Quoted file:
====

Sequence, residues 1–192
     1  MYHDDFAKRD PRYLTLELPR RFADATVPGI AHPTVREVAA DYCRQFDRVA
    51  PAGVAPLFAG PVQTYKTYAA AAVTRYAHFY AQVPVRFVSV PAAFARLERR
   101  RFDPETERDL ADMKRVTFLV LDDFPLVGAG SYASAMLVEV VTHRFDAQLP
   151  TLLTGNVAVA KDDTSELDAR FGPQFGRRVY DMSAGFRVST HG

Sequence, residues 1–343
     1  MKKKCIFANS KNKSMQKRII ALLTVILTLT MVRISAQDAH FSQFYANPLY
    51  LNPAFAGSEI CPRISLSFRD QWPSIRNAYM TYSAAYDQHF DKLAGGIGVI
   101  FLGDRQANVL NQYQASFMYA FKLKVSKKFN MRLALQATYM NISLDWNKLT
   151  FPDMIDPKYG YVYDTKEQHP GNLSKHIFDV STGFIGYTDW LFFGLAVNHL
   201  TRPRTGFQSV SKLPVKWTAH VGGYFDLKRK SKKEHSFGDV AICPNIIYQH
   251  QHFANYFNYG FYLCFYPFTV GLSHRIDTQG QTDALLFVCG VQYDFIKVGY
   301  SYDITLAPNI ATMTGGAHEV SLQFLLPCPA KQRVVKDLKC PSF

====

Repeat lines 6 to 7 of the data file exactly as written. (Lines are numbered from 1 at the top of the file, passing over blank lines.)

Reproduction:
Sequence, residues 1–343
     1  MKKKCIFANS KNKSMQKRII ALLTVILTLT MVRISAQDAH FSQFYANPLY